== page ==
Osteochondral transplantation to treat osteochondral lesions in the elbow.
ABSTRACT Effective treatment of osteochondral lesions in the elbow remains challenging. Arthroscopic débridement and microfracture or retrograde drilling techniques are often insufficient and provide only temporary symptomatic relief. The purpose of this study was to evaluate the treatment of these lesions with osteochondral autografts.
From 1999 to 2002, seven patients with osteochondral lesions of the capitellum humeri (five patients), trochlea (one patient), or radial head (one patient) were treated with cylindrical osteochondral grafts, which were harvested from the non-weight-bearing area of the proximal aspect of the lateral femoral condyle. The patients (three female and four male patients with an average age of seventeen years) were evaluated preoperatively and postoperatively, with an average follow-up of fifty-nine months. The Broberg and Morrey score was chosen for functional evaluation of the elbow (with regard to motion, pain, strength, activities of daily living, and stability), and the American Shoulder and Elbow Surgeons score was used for the analysis of pain. All patients had imaging studies done preoperatively to evaluate the defect and postoperatively to assess the ingrowth and viability of the graft. The ipsilateral knee was examined for donor-site morbidity.
The Broberg and Morrey score improved from a mean (and standard deviation) of 76.3 +/- 13.2 preoperatively to 97.6 +/- 2.7 postoperatively, and pain scores were significantly reduced (p < 0.05). The mean elbow extension lag of 4.7 degrees +/- 5.8 degrees was reduced to 0 degrees postoperatively. Compared with the contralateral side, there was a mean preoperative flexion lag of 12.9 degrees +/- 13.8 degrees . At the time of the final follow-up, flexion was free and was equal bilaterally in all patients. None of the plain radiographs made at the time of follow-up showed any degenerative changes or signs of osteoarthritis. The postoperative magnetic resonance imaging scans showed graft viability and a congruent chondral surface in all seven patients. No donor-site morbidity was noted at one year postoperatively.
The osteochondral autograft procedure described in the present study provides the opportunity to retain viable hyaline cartilage for the repair of osteochondral lesions in the elbow while restoring joint congruity and function and perhaps reducing the risk of osteoarthritis. These medium-term results suggest that the risks of a two-joint procedure are modest and justifiable. In addition, the described technique provides an option for revision surgery after the failure of other surgical procedures.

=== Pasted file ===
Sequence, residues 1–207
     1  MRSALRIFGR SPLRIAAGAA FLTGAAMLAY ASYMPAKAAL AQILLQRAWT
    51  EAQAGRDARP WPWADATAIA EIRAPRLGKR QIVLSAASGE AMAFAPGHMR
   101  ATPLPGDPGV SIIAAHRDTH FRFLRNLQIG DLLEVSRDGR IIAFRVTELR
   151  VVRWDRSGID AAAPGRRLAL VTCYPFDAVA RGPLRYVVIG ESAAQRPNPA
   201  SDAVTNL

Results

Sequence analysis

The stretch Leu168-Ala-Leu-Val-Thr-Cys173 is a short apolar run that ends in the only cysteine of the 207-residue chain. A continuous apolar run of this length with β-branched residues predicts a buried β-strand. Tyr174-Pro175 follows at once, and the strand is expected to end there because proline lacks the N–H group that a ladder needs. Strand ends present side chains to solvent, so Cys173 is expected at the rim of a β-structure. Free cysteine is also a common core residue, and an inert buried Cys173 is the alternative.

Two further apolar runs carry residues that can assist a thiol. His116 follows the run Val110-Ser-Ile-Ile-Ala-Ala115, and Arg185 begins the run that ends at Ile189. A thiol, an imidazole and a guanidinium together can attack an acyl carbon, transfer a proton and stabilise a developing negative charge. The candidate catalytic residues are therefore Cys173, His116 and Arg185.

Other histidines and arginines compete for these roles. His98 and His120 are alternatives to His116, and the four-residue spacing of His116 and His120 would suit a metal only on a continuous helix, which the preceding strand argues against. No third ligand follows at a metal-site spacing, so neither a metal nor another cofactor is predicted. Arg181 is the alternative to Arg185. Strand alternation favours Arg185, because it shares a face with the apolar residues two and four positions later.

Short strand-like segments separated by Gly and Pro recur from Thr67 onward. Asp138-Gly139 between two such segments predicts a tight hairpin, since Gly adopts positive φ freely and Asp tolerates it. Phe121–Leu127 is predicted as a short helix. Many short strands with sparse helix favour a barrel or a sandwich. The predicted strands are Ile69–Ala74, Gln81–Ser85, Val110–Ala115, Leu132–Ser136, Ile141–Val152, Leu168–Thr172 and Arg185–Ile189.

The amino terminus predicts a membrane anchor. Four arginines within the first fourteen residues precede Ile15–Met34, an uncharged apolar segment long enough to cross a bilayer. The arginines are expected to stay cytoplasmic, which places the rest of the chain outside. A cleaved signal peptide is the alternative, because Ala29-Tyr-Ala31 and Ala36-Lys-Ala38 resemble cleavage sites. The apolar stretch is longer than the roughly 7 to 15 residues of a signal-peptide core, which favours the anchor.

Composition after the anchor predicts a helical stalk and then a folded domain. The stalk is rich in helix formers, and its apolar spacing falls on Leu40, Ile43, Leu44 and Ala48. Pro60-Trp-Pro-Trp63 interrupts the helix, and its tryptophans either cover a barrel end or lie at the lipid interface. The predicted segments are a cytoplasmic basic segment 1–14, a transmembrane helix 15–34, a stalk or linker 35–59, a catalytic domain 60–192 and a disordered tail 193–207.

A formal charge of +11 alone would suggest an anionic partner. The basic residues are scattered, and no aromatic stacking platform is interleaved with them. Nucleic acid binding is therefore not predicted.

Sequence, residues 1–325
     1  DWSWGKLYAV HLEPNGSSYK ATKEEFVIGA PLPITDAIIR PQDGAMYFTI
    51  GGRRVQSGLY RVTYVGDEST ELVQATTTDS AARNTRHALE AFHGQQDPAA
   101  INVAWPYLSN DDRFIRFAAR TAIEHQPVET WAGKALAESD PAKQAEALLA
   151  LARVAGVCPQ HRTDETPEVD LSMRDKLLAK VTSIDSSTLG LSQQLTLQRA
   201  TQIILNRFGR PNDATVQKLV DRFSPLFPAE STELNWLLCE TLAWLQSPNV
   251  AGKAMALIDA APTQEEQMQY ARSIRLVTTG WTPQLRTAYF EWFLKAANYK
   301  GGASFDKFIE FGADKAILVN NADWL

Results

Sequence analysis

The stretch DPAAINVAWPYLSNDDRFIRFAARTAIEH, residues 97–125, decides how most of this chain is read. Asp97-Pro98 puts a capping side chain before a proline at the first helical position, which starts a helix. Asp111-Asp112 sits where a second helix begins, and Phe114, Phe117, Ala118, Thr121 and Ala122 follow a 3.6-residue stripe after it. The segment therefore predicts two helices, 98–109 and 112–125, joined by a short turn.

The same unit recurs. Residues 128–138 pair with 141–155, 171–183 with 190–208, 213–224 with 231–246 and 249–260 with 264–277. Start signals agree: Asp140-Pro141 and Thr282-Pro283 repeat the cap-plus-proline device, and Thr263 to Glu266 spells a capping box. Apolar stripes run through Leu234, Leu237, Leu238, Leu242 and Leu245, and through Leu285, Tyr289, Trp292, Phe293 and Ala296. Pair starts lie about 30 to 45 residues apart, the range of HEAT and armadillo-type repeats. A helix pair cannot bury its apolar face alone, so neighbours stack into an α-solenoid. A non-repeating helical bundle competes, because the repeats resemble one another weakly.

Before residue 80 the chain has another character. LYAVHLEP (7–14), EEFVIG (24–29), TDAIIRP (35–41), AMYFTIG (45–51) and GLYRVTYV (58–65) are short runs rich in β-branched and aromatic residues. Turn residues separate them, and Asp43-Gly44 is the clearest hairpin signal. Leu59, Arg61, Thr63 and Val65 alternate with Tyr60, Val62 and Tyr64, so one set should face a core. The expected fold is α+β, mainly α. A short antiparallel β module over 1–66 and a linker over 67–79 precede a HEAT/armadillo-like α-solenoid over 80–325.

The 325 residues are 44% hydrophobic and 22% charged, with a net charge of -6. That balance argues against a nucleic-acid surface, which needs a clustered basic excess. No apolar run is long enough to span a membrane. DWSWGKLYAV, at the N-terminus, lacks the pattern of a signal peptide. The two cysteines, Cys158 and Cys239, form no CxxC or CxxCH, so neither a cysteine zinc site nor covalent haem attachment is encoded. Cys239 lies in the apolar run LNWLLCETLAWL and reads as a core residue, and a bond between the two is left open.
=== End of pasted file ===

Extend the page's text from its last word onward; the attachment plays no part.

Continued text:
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ABSTRACT: Magnetic resonance imaging (MRI) has been widely used to characterize osteochondritis dissecans (OCD) lesions. However, the usefulness of MRI for predicting fragment stability in OCD of the humeral capitellum (capitellar OCD) remains unclear. Preoperative MRI cannot accurately diagnose fragment instability of capitellar OCD in overhead athletes. Cohort study (diagnosis); Level of evidence, 1. Twenty-seven male overhead athletes who had undergone surgery for capitellar OCD were included in the study. A single senior musculoskeletal radiologist blindly reviewed preoperative MRI of these OCD lesions. The radiologist reported the presence or absence of each of the 4 MRI signs indicating fragment instability as described by De Smet et al. The lesions were also classified according to the MRI staging system of Dipaola et al for characterizing the lesions. Intraoperative assessment of fragment stability was used as the gold standard. Sensitivity, specificity, positive predictive value (PPV), and negative predictive value (NPV) were determined for fragment instability as assessed by MRI. According to the MRI criteria by De Smet et al and the Dipaola et al staging system, 21 (78%) and 20 (74%) lesions were defined as unstable, respectively. The obtained results yielded a sensitivity of 89% and a specificity of 44% for diagnosing fragment instability using the De Smet et al MRI criteria and a sensitivity of 83% and a specificity of 44% using the Dipaola et al MRI staging system. The PPV and NPV for fragment instability were 76% and 67% using the De Smet et al criteria and 75% and 57% according to the Dipaola et al staging system, respectively. The overall correlation rate of Dipaola et al MRI and intraoperative stages was 41%. Preoperative MRI cannot precisely diagnose fragment instability of capitellar OCD that requires operative treatments in overhead athletes. Especially, MRI indicating stable lesions is considered not to be useful in predicting intraoperative instability of capitellar OCD in this study population.The American journal of sports medicine 12/2011; 40(3):624-30. · 3.61 Impact Factor